Space

April 22, 2012

Boeing, NASA sign agreement on mission support for CST-100

Boeing has signed an agreement with NASA’s Mission Operations Directorate at Johnson Space Center, Texas, to collaborate on mission planning, training and flight operations for the company’s Commercial Space Transportation-100 spacecraft.

Under the new arrangement, which Boeing negotiated under its current Phase 2 NASA Space Act Agreement for Commercial Crew Development, Boeing will begin discussions with the MOD on integrating launch operations and the company’s own mission control facility at Kennedy Space Center, Fla., with training and real-time operations at Johnson Space Center in Houston.

“Adding MOD to our team leverages NASA’s experience in crewed space operations to ensure mission success for our CST-100 spacecraft,” said Chris Ferguson, director of Crew and Mission Operations for the Boeing Commercial Crew Program. “As we continue to mature our spacecraft design, MOD technical support will ensure the CST-100 is built with the operators in mind.”

Later this year, Boeing intends to enter into a larger agreement with the MOD to provide end-to-end flight operations from the command and control facility in the Mission Control Center at Johnson Space Center, the site where NASA managed the Apollo missions and all 135 flights of the space shuttle.

“Colocating initial CST-100 flight operations with the International Space Station flight control facility in the Mission Control Center will facilitate a seamless transition to regularly scheduled CST-100 operations with the space station,” Ferguson said. “Working with MOD on Boeing’s mission operations also will help NASA retain key proficiencies for future human spaceflight operations.”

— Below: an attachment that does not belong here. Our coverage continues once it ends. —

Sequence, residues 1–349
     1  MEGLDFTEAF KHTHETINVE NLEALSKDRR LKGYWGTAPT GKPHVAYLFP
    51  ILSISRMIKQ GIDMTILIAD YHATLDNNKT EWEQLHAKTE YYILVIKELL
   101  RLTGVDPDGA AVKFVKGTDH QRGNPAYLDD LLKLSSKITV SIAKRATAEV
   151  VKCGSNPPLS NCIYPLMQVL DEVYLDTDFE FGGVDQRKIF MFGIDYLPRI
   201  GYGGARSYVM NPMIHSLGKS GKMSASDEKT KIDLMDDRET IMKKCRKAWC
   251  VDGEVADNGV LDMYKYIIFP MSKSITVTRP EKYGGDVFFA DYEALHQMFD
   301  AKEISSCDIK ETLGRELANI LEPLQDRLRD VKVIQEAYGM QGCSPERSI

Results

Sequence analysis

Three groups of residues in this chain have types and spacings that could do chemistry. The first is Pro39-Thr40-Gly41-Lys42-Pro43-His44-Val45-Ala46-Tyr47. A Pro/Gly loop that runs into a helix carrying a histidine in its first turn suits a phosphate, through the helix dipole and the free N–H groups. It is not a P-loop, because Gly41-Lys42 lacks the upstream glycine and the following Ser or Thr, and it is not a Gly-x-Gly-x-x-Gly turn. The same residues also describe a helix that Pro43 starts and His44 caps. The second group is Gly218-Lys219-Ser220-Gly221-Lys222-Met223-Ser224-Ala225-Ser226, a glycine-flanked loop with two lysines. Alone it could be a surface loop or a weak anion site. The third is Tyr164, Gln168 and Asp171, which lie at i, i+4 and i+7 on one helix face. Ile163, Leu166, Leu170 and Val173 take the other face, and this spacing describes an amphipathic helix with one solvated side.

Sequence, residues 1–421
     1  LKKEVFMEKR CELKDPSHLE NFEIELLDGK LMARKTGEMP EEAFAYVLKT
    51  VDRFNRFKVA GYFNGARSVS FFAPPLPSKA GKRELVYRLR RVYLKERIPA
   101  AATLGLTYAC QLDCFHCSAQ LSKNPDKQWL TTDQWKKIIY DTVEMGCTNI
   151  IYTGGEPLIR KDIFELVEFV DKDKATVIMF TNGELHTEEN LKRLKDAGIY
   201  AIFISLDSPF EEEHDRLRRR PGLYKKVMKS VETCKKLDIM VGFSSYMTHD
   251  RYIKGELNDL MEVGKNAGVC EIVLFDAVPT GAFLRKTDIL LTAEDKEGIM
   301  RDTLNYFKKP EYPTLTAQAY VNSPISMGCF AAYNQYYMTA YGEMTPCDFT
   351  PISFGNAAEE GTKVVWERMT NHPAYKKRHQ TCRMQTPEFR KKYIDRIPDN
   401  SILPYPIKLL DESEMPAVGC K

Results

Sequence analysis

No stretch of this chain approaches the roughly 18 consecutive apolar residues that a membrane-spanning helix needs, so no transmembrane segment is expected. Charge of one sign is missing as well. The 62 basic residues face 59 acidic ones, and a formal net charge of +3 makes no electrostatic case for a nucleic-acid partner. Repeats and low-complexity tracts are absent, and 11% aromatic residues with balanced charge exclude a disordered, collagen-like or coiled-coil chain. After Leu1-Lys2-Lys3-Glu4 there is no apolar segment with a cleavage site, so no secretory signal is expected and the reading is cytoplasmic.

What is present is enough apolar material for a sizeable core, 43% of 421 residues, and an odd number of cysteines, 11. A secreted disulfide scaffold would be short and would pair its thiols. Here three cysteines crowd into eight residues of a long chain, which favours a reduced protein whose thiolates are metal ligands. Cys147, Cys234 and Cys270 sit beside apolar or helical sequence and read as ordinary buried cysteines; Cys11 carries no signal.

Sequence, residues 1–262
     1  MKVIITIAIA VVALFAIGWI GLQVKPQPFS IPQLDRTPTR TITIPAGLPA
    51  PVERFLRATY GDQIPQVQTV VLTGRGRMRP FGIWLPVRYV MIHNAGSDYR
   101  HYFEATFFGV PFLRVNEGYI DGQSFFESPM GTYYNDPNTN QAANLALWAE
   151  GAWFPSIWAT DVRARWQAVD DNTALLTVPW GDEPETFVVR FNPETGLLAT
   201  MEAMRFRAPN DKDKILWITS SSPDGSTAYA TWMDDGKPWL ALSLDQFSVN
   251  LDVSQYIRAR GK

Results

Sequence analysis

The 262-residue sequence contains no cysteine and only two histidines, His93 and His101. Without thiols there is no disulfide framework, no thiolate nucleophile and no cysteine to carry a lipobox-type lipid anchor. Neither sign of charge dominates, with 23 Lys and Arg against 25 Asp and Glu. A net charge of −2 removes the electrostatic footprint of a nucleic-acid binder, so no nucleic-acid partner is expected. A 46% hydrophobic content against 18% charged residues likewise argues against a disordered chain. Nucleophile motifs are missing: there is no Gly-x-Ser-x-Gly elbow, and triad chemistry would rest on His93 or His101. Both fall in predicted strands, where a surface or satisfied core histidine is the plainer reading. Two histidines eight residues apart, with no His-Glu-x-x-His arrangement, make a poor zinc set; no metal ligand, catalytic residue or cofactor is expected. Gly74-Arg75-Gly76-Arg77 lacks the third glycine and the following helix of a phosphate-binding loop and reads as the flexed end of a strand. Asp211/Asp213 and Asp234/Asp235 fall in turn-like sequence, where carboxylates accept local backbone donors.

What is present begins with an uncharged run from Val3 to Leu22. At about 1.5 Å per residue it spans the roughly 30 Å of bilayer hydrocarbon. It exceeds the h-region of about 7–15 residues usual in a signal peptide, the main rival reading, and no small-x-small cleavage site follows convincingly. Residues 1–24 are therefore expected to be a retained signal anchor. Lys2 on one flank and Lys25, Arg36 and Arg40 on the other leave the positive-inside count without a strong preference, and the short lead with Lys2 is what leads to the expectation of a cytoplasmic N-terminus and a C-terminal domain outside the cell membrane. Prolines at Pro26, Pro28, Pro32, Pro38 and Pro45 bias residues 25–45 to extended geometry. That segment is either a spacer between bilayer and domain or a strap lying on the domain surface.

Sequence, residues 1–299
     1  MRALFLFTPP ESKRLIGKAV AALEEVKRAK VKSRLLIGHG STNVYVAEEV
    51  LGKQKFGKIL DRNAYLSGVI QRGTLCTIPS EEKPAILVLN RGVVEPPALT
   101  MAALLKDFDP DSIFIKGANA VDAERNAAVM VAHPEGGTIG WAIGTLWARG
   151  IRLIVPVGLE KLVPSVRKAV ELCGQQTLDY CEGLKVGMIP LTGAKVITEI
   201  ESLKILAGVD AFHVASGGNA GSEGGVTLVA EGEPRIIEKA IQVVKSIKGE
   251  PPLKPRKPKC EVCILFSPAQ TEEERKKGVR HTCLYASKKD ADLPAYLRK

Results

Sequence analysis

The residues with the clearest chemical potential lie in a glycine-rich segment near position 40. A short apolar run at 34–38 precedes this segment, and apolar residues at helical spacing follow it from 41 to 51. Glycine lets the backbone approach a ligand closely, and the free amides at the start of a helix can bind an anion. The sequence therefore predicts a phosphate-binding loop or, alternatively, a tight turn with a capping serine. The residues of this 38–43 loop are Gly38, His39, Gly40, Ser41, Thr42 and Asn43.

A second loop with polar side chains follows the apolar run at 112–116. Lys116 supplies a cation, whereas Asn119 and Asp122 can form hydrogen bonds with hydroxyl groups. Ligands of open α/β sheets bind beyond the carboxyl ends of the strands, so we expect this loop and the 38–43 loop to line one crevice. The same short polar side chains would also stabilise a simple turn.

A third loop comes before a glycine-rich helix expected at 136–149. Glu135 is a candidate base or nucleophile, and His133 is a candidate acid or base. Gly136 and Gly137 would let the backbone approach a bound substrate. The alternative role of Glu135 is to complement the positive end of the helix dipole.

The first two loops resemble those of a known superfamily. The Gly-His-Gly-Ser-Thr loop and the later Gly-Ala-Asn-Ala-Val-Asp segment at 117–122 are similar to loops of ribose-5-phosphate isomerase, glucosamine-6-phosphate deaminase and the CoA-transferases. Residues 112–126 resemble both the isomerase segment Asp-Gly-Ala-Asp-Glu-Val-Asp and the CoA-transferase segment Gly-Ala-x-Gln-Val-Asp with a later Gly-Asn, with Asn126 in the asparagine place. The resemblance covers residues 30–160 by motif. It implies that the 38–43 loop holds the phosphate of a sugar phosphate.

The CST-100 is a reusable capsule-shaped spacecraft based on flight-proven subsystems and mature technologies. The system can transport up to seven people, or a combination of people and cargo. Boeing has designed the spacecraft to be compatible with a variety of expendable rockets to enable competition and reduce cost over the program life cycle. The company has selected United Launch Alliance’s Atlas V launch vehicle for initial test flights that will begin as early as 2015.

Boeing is continuing to develop the system design at its Houston and Huntington Beach, Calif., sites and is making preparations to manufacture, assemble and test the CST-100 spacecraft in the former Orbiter Processing Facility-3 at Kennedy Space Center.

Boeing’s Commercial Crew Program includes the design, manufacture, test and evaluation, and demonstration of an integrated Commercial Crew Transportation System — comprised of the CST-100 spacecraft, launch vehicle, and ground and mission operations for NASA’s Commercial Crew Development program. The Boeing system will provide crewed flights to the International Space Station and also support the Bigelow Aerospace orbital space complex. The program is based on Boeing’s experience and innovation evolved from more than 50 years of human spaceflight and nearly 100 years of commercial aviation.

 




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